David: Right. We’ve gone over the cash burn rate, that is, the monthly decline of China’s foreign currency reserves. And we’ve said that hundred billion a month rate is not healthy, it’s not sustainable. And this week we have January’s numbers which are true to form, they’re consistent. The Chinese foreign currency reserves are down another 99.5% billion.
Kevin: They didn’t break 100 this time – 99.5 billion.
David: Right. So this is interesting because you have the IMF which is now expressing deep concerns about China’s financial stability should that number slip from the current 3.2 – again, we’re adjusting from last month, 3.3, no 3.2 – the IMF says if it slips below 2.7 we’ve got a significant crisis. Again, 800 billion is the total decline since July of 2015. They’re spending these resources to defend their currency, and it is at a very high cost.
Kevin: This is a reminding me so much, Dave, of 1992. We’ve talked about 1992 before, but if you remember, we had the exchange rate mechanism in Europe, and currencies were not able to maintain within the band that they had all agreed to maintain in, so George Soros, if I remember right, saw the unsustainability of the exchange rate mechanism, and he bet big against the British pound.
David: Right. Kyle Bass is, I think, trying to mimic the trade to some degree, and other hedge funds are lining up, like that 1992 event where they were lining up against the pound. Now they’re lining up against the yuan on the belief that you will see a massive devaluation, 30-40%, because these interventions are not sustainable, and ultimately, they will have to devalue. So the exchange rate mechanism was a currency arrangement in Europe, which Soros believed was unsustainable – he bet against it. That’s what they’re doing in China. And I smile, because there may be a significant difference in the current trade, because you’re dealing with folks that can go nuclear on you (laughs), I mean, quite literally. But you have the Chinese politburo, and you have the PBOC, with the benefit of hindsight, the lessons learned in that 1992 period. Do they want to lose face to U.S. hedge funds? I think they may attempt to. Who knows if they can succeed, or if they will succeed, but they may just want to wreck the trade to prove that they carry a big stick. So the longer it takes for that trade to work out, the longer it takes for the yuan to be devalued the less profitable it is, and ultimately, the higher the likelihood that all those hedge funds have to basically throw out and reverse their trades.
Kevin: And it could be that this is one of the reasons why the Chinese have been accumulating so much gold. I had a client come in yesterday to pick up a statement, and we talked a little bit about the goings on in the gold market, and he said, “Kevin, have you been calculating the Dow-gold ratio?” This is an important point, the Dow-gold ratio, you just, of course, take the Dow-Jones Industrial Average, which right now is about 15,000, 16,000, and you divide that by the price of gold, which is in the high $1100s right now. The ratio we saw at one point all the way up in the 40s, you could get over 40 ounces of gold for a share of the Dow back in the year 2000. And then, of course, we saw it get all the way to 6, and then swing back up into the mid teens, but we’re starting to see some real action. The Dow is going down, gold is going up. Haven’t you been calling for a 3-to-1, 2-to-1, possibly even a 1-to-1 ratio at some point?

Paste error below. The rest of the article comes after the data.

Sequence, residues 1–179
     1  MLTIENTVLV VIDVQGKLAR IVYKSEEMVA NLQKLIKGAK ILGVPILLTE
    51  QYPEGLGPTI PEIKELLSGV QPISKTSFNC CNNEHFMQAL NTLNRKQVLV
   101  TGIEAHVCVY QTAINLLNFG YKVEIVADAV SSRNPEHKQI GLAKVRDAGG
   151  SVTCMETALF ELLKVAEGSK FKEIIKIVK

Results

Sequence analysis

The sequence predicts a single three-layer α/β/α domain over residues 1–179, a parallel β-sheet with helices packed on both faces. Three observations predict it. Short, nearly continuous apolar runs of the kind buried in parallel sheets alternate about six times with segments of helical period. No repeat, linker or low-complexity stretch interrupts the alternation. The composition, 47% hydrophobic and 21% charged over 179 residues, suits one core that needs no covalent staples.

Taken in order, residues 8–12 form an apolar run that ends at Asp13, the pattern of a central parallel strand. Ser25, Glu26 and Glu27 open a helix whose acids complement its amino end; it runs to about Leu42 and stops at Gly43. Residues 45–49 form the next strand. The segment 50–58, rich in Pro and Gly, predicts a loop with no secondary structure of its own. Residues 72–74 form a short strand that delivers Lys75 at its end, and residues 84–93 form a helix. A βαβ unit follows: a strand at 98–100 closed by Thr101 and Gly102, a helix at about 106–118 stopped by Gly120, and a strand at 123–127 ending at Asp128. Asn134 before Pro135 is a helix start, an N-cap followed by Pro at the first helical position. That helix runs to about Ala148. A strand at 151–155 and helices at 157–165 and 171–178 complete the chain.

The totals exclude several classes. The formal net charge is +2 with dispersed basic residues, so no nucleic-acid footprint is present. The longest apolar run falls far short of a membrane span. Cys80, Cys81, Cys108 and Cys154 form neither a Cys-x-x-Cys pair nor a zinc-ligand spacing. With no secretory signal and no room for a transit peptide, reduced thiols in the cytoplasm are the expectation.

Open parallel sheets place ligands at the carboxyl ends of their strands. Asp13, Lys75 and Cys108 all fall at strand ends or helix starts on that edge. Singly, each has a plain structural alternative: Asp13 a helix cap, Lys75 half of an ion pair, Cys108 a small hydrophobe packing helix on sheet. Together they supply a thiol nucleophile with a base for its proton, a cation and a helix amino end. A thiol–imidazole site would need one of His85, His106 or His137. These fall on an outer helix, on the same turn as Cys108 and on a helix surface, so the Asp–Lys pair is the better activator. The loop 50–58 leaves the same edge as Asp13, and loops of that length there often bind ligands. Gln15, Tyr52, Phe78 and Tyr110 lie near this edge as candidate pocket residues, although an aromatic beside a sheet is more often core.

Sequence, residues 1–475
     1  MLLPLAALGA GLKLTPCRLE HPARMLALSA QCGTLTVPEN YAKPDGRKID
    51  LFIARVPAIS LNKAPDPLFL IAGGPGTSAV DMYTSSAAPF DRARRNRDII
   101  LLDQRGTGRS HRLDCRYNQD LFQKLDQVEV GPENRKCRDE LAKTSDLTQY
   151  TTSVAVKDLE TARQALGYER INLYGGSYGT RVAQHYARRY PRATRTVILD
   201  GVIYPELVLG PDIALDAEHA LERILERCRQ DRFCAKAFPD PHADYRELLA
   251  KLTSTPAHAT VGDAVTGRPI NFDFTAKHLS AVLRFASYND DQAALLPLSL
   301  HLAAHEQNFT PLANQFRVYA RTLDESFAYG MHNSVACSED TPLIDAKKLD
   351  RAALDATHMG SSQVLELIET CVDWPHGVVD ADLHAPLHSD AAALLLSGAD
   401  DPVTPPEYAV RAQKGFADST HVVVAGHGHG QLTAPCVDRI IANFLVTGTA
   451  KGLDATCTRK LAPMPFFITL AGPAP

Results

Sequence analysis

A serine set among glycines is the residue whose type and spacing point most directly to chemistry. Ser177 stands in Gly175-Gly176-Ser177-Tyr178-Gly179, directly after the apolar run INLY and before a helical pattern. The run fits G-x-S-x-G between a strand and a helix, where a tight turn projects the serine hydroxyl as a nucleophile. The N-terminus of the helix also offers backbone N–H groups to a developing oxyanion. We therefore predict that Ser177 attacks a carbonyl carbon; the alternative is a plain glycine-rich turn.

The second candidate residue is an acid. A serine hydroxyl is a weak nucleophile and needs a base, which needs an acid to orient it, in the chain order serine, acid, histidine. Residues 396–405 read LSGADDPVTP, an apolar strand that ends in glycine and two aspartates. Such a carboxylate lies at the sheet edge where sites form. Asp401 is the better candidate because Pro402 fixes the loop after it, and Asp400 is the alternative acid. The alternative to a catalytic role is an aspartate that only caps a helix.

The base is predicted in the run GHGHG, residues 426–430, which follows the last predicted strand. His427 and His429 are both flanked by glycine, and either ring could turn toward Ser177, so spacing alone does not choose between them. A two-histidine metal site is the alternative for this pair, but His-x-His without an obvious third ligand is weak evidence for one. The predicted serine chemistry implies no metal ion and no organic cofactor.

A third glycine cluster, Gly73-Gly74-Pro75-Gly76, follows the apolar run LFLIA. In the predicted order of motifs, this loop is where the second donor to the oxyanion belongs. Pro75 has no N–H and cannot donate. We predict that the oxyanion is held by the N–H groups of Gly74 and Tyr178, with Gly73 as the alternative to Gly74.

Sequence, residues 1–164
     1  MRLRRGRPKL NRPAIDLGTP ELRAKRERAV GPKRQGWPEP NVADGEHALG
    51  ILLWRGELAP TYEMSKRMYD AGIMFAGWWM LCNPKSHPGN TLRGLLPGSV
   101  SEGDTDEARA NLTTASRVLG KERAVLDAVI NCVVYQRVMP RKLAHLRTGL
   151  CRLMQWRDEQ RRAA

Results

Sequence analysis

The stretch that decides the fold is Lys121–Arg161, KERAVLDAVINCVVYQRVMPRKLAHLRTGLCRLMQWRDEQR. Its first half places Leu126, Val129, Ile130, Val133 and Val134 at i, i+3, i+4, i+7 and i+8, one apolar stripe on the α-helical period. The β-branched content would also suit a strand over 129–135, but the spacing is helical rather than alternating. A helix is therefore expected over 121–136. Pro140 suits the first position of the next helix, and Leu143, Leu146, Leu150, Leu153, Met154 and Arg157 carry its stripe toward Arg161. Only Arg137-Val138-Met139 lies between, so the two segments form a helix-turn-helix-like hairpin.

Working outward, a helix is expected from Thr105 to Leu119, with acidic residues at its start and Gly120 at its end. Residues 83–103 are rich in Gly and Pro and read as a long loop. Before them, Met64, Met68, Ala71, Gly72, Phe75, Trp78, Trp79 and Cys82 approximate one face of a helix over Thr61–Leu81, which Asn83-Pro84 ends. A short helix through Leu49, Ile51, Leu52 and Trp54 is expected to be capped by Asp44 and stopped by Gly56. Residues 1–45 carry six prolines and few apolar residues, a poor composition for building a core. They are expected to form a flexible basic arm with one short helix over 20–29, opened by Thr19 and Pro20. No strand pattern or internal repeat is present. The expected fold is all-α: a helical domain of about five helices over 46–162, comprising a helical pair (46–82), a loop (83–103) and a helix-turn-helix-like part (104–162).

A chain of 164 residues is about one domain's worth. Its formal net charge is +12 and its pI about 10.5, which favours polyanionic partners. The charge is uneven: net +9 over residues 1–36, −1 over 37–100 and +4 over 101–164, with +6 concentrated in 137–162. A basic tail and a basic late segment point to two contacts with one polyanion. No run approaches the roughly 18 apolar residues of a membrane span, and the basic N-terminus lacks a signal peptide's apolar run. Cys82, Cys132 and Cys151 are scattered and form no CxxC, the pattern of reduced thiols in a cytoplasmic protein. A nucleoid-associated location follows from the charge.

David: Yes, on an economic basis, I think a 3-to-1 ratio is a given. Where you get to a 2-to-1, or a 1-to-1 ratio between the Dow and gold is when an economic environment is exaggerated by political or geopolitical pressures. And so the higher the number, the more attractive gold is. Now, counter-intuitively here, because again, the highest that number as ever been was about the time that Silverton mines were closing down, and you were at 43-to-1 on the Dow-gold ratio. It may have, on a day, slipped up to 45 just on a single day trade, but that was roughly where it was, in the mid 40s. Then, as you said, it slipped to a 6-to-1 ratio by the time we got to 2012, jumped to 17-to-1, which, again, from 45 to 17 you’re still well ahead of the curve, going back to performance starting in the new millennium. Now we’re at 13-1/2, we’re targeting 9. As an initial play I believe we’ll see 9 this year. And then I think by the time we head into 2017 we see 6, and it wouldn’t surprise me at all if by the time we are in the year 2018 we’re at a 3-to-1 ratio. Keep in mind, gold has recorded three straight weeks of higher closes, so we need a little bit of digestion, that would be nice, seeing it consolidate, maybe even consolidate at lower numbers between $1110 and $1130. The next major move higher has to take out $1200, and then it’s en route to $1350. And these, I think, are numbers that will correspond with the next leg down in the stock market indexes. So you have January 20th, the lows that were set for the Dow of 15,450, and the S&P 500 at about 812, those are going to correspond with a $1350 gold price, I think, sometime in here as we head toward a 9-to-1 ratio, and then ultimately slip, in the years ahead, to a 6, and ultimately a 3-to-1 ratio.
Kevin: The beauty of the Dow-gold ratio is that you’re measuring two things that have value, not a paper currency, so it’s an easier thing in the long run to actually calculate. Sometimes it’s better to have heavier in stocks, sometimes it’s better to have heavier in gold. Bill King, who is a regular guest of ours, has shown, though, if you take 15 years, if you take 50 years, it’s always good to have some gold, because no matter what the Dow-gold ratio is, gold in the long run outperforms the S&P 500, which is a broader index of stocks.